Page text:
1. Doing Application Security Right – 12:30 PM-01:00 PM
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Cybersecurity is a large and often complex domain, traditionally focused on the infrastructure and general information security, with little or no attention to Application Security. Security providers usually tack-on AppSec services to their existing menu of offering without understanding the domain, and their team of professionals have little or no experience with software development or inner workings of modern application architectures. As the world turns Digital at a rapid pace accelerated by the recent pandemic, applications become common place in our lives, providing attackers more opportunities to exploit these poorly protected applications. As such, it is important to know what is actually required to build and run software securely, and how to do application security right.
Farshad Abasi – Founder and Chief Security Officer at Forward Security
Farshad Abasi is an innovative technologist with over twenty four years of experience in software design and development, network and system architecture, cybersecurity, management, and technical instruction. With a keen interest in security from the start, he has become an expert in that aspect of computing and communication over the last eighteen years. He started Forward Security in 2018, with a mission to provide world class information security services, particularly in the Application and Cloud security domains. Prior to creating Forward, he was a senior member of HSBC Group’s IT Security team with the most recent positions being the Principal Global Security Architect, and Head of IT Security of the Canadian division. Farshad is continuing an eighteen year stint as an instructor at BCIT where he shares his passion for information and network security, helping others build a career in this exciting field. He is also the security correspondent for CFAX radio, BSides Vancouver/MARS board member, Vancouver OWASP chapter lead, a CISSP designate, and a UBC CS alumnus.
Co-founder & CTO at Cysense
Security Partner at Square
2. Dirty Pipe, AutoWarp Vuln in Azure, TLStorm Hits UPS Devices, Car Hacking – 01:00 PM-01:30 PM
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The Dirty Pipe Vulnerability – We have a new named vuln that “allows overwriting data in arbitrary read-only files”, which leads to “privilege escalation because unprivileged processes can inject code into root processes.”
It’s quite a fun read that walks through a very long journey to uncover a curious bug from log files being sent to a pipe that ultimately revealed a serious security flaw — and a one-line fix (well, technically the same line in two places) to correct an uninitialized variable.
As the article notes, the name is a riff on the “Dirty Cow” vuln from 2016 (https://dirtycow.ninja).
What’s up with in-the-wild exploits? Plus, what we’re doing about it. – This article shows how attack surfaces change over time for attackers motivated by targeting software with huge user populations. After several decades, we’ve finally moved on from yet another critical Flash vuln. Unfortunately, we’re still dependent on software and we’re still humans writing software and there’s still bugs in that software. What this article highlights is the shift from deprecated apps like Flash to other ubiquitous software like Chrome.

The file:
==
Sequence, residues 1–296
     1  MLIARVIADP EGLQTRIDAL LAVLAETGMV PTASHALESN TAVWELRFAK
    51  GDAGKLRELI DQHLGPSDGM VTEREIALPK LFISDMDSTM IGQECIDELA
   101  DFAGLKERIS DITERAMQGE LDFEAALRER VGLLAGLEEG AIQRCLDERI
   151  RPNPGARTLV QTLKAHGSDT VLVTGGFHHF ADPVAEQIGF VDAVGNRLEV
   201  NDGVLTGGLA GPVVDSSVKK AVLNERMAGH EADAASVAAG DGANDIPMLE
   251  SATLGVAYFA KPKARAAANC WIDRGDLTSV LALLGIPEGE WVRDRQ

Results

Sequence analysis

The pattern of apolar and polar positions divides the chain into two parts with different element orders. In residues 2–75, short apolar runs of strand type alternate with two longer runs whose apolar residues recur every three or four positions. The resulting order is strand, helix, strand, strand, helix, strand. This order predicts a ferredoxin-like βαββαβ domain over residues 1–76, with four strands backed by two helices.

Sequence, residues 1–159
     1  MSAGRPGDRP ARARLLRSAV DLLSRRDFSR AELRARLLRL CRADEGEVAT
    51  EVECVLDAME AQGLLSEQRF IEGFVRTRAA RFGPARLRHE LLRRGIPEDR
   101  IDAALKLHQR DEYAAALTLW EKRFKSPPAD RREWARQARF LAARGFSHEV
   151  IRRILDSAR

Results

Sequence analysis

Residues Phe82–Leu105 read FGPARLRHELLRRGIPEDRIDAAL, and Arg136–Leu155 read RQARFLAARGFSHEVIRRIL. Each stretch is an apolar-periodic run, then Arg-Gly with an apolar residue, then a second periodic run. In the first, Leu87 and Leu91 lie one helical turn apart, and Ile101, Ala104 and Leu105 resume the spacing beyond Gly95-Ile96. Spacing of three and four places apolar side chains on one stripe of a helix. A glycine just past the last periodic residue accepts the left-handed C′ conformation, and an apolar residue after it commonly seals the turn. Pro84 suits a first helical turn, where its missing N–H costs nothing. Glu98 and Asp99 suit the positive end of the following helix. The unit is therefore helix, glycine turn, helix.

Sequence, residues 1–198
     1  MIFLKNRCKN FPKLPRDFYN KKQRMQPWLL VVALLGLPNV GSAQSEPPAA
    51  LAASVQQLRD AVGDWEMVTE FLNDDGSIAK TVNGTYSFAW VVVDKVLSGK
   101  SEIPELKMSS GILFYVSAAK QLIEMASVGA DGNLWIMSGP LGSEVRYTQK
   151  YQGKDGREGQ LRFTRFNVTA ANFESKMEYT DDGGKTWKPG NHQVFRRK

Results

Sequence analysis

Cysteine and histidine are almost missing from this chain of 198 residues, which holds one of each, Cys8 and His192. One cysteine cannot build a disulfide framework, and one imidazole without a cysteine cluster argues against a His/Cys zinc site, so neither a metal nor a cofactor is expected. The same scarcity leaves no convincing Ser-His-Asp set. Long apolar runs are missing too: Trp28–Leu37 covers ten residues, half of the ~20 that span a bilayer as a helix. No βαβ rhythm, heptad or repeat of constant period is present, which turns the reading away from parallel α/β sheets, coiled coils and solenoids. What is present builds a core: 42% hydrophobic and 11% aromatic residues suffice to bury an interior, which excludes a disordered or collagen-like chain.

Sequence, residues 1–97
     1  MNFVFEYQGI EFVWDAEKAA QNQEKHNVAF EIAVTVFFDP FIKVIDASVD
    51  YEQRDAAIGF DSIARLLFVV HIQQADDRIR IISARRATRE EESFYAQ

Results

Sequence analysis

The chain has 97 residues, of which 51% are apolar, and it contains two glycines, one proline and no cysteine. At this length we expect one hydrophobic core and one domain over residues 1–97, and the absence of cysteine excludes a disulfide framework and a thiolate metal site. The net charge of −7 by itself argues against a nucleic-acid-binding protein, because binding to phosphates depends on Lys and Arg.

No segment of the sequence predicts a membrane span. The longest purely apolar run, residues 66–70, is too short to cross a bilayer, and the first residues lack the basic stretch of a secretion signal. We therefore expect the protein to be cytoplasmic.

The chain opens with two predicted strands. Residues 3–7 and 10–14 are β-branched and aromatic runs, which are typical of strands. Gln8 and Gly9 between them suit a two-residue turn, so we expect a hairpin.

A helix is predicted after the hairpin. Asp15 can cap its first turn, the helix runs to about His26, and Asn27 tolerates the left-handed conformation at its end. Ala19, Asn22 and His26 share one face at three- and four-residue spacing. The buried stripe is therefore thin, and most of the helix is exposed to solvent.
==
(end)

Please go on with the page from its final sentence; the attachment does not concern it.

Zero-Click Flaws in Widely Used UPS Devices Threaten Critical Infratructure – At first this looks like a vuln in very specific OT (UPS devices used within critical infrastructure), but poking at some of the details reveals lessons for secure development and the supply chain. The flaw boils down to an app that ignored error messages from the third-party TLS library it uses. Like lots of software, the TLS library (NanoSSL) provided cautions against ignoring error messages. Notably, it also boasted of having robust ASN.1 parsing and secure string handling with “‘length strings’ instead of more common ‘C-length strings'” and they include fuzzing as part of their SDLC. [^1]
But here we see secure code being used insecurely. As a consequence of ignoring TLS errors, the UPS devices could be tricked into loading malicious firmware — essentially putting them under an attacker’s control. So we can also add a lack of more robust firmware signing to the missed opportunities here for secure software.
The TLStorm article is at https://www.armis.com/research/tlstorm/
[^1] https://www.mocana.com/press-releases/mocana-nanossl-customers-not-vulnerable-ssl-attack-revealed-black-hat — skipping over the marketing language of this article, it’s good to know that fuzzing and secure string handling was considered part of the library’s development.
Telegram Harm Reduction for Users in Russia and Ukraine – Sure, computers are binary, but appsec rarely is. One of the most common phrases in threat modeling and appsec commentary is “it depends”. In other words, context is important for how an app is used, who is using that app, and how those users might be targeted. This is a good example that borrows from the concept of harm reduction taken from public health practices that aim to help drug users. Don’t get caught up in any metaphors here. In this appsec example, the idea is that users may not have good choices available to them (such as widespread use of Signal among their peers) and therefore educate those users on how to use a messaging platform like Telegram more safely. For the appsec and DevOps side of things, understanding the threats described in an article like this is a good step towards building more secure features within an app — something just as important as technical basics like making decisions to avoid entire attack classes (such as using memory-safe languages).